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Allyson Kapin 6 min read

How Useful is Social Media to Nonprofits?

No matter where you look, social media is on everyone’s radar. The big question nonprofits ask is, how useful is social media? In an attempt to help nonprofits answer that question, Idealware, in partnership with NOI, recently released "The Nonprofit Social Media Decision Guide."

 According to Idealware’s survey of over 750 nonprofit staffers:

  • Almost 80% "think" that they reach new supporters using Facebook, Twitter, video sharing sites like YouTube, and blogging. However, only between 25% and 35% said that they could confirm that they are truly reaching new supporters via these social networks.
  • About 55% think that LinkedIn is a good source to reach new supporters.
  • Less then 40% think using MySpace to reach new supporters is helpful.

While many nonprofit staff were optimistic in hopes of reaching constituents and building better relationships with them via social networks, nonprofit staff clearly don’t think they are raising money through these channels.

  • Approximately, 40% said that they “think” that they are raising some money via Facebook and blogging. But only about 10% to 20% could confirm it.
  • About 30% said that they “think” they are raising money via Twitter, video sharing sites and LinkedIn.

"Most who have successfully used Facebook as a fundraising technique either use it as just one of many communication methods (like supplementing a direct mail and email campaign), or do very personal campaigns - for example, the [Causes] “birthday” campaign, where users ask folks to donate to a cause in support of their own birthdays," said the report.

Other tangible results include:


What else did the research say about Facebook and Twitter?

Facebook and Twitter are the most widely used social media channels among nonprofits. Here's some recent Facebook demographic information from July 2010.

Also noteworthy, of the 271 Facebook users and survey respondents, (38 percent) said they would probably look for a Facebook page for an organization with which they were considering volunteering. 43 percent of these respondents said they use Facebook daily.

Why are Nonprofits Using Twitter?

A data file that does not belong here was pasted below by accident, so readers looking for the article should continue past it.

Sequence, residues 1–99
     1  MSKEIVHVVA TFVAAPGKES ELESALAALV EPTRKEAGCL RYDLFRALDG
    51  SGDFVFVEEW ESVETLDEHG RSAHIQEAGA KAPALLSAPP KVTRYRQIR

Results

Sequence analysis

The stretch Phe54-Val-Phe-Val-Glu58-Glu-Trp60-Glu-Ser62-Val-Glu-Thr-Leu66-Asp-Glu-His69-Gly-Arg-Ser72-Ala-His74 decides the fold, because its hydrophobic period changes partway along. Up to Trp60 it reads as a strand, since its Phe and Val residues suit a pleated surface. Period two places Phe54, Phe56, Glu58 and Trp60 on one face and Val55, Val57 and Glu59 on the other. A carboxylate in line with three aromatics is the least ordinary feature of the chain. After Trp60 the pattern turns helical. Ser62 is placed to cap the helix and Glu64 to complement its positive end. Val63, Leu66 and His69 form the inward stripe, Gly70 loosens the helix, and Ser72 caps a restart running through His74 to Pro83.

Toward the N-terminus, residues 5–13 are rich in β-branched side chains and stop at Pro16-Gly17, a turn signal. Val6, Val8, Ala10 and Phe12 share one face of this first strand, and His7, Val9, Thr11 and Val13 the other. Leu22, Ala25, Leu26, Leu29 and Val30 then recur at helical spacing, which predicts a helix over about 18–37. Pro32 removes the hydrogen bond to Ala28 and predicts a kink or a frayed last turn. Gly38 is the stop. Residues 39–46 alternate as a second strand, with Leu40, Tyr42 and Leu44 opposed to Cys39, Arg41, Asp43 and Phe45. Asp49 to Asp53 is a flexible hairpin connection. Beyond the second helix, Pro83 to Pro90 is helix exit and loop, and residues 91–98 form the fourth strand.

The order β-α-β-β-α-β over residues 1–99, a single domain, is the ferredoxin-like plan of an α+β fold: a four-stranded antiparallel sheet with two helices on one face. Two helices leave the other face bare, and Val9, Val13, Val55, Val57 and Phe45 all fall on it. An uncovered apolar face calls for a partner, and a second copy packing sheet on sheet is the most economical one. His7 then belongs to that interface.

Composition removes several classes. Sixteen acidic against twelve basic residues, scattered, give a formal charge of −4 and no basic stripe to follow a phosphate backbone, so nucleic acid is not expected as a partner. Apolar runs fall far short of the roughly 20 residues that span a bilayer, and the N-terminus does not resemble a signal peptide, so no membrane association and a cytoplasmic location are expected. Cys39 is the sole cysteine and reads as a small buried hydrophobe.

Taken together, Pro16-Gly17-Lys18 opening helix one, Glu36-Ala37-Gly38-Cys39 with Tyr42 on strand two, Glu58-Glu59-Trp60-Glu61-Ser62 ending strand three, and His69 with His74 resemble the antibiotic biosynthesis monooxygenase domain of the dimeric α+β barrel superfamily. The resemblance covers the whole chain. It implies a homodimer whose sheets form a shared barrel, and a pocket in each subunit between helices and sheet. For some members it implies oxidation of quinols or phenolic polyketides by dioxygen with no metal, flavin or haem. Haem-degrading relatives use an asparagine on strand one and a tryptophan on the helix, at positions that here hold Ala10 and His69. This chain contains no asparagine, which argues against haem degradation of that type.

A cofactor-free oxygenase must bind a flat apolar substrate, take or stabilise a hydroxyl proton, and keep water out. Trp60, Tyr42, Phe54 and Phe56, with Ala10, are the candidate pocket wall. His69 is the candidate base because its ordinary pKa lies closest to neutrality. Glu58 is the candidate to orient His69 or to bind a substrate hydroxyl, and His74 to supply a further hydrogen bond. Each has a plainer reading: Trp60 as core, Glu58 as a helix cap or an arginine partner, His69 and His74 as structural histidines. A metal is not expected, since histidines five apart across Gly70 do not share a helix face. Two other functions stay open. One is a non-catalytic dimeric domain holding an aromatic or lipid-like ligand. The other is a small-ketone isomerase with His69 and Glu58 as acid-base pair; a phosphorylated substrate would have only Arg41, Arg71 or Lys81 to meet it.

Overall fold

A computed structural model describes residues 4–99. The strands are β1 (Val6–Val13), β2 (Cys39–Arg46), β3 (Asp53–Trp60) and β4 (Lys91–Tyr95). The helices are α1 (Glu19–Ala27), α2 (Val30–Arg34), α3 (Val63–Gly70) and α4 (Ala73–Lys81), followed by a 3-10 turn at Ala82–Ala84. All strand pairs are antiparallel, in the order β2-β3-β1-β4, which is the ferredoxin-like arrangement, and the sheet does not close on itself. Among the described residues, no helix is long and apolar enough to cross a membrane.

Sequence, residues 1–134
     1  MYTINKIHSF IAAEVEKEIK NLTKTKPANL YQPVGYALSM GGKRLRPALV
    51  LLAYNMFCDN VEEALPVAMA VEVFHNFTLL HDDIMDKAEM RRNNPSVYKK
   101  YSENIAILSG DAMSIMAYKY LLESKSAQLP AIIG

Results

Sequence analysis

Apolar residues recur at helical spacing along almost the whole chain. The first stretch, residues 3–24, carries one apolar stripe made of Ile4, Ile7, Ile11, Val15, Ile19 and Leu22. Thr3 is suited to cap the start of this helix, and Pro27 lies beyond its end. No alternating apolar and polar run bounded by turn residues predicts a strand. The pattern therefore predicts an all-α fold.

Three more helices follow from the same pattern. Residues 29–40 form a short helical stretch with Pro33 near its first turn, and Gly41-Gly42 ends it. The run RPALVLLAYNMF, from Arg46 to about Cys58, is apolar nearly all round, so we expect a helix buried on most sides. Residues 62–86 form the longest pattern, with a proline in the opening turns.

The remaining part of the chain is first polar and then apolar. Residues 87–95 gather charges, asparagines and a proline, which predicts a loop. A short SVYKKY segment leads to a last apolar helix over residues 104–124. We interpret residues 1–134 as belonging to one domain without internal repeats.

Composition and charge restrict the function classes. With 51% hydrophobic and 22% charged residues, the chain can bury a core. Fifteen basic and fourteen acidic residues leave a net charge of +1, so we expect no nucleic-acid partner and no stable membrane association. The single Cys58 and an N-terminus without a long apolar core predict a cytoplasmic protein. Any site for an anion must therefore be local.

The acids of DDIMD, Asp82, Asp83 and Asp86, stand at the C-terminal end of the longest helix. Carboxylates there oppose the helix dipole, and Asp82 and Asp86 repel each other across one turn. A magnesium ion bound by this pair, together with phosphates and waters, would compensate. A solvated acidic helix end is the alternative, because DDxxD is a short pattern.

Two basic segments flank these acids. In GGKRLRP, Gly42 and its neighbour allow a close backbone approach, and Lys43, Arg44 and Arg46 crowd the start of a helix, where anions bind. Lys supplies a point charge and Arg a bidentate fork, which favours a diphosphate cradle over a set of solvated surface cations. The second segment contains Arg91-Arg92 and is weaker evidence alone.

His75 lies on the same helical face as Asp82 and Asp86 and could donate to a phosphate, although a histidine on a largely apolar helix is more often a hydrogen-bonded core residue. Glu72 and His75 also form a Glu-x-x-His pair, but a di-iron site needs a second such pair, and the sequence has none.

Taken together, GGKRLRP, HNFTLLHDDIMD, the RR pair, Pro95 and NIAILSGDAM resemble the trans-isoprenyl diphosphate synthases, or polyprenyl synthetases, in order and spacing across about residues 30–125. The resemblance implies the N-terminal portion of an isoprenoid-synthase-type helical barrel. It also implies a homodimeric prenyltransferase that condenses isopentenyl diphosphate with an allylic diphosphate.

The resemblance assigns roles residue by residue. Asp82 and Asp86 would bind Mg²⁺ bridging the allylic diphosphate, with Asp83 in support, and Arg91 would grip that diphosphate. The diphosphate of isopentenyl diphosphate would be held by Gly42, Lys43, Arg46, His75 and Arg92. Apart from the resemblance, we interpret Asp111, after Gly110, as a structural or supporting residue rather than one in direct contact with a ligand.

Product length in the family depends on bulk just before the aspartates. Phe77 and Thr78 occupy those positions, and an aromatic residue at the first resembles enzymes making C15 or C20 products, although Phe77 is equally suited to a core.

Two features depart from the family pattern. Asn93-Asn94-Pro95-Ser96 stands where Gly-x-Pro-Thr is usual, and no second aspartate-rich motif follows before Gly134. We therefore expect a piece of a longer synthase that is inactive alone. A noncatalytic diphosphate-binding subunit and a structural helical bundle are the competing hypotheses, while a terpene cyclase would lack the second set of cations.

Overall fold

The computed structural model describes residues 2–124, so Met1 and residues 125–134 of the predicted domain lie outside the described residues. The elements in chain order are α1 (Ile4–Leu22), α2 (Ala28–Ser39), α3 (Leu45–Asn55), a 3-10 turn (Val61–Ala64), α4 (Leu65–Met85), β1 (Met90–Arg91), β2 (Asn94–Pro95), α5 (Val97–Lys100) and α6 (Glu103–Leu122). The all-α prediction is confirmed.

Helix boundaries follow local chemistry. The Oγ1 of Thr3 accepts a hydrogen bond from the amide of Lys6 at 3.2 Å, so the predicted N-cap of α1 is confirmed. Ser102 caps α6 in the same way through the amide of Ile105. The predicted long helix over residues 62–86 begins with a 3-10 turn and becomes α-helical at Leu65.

According to Idealware's small sample of about 69 nonprofit staffers, Twitter is used to learn about
new resources or keep up with specific issues, to post about what they’re doing, or to market themselves,
and often, all of the above.


Idealware asked respondents who were also active twitter users, how often they found information or took action about nonprofit causes via Twitter. The data revealed that while people may be hearing about nonprofits and clicking through to their websites to learn more, these people are also less likely to get involved by volunteering, taking action or donating.

As nonprofit campaigners have suspected and Frogloop has reported on, just because you have millions of followers, does not mean you are saving the world. The report concluded lots of followers "doesn’t mean they’re actually paying attention to what you’re saying. The only way to measure that is to look at how many people click on links, retweet your posts, or take action."

Photo and Video Sharing

36 percent of respondents said they use photo sharing sites and 49 percent of nonprofit social media users said they use video sharing websites. But only between 8 percent and 16 percent said they were using photo sharing and video sites as part of their social media strategy. Does this imply that only a small number of respondents think of these sites as an important social media channel? Are nonprofit staff primarily using photo sharing and video sites such as Flickr and YouTube to post photos and video online rather then to foster community?

How do Idealware's stats measure up to your own nonprofits social media statistics?



Allyson Kapin

Allyson has been named one of "Top Tech Titans" by the Washingtonian, one of the Most Influential Women In Tech by Fast Company, and one of the top 30 women entrepreneurs to follow on Twitter by Forbes for her leadership role in technology and social media. As Founding Partner of Rad Campaign, she leads the firm's client and online strategic services. For over a decade Allyson has helped non-profit organizations and political campaigns create dynamic and award-winning websites and online marketing and recruitment campaigns. She works side-by-side with her clients to meet their web needs and maximize their online effectiveness to create real world impact.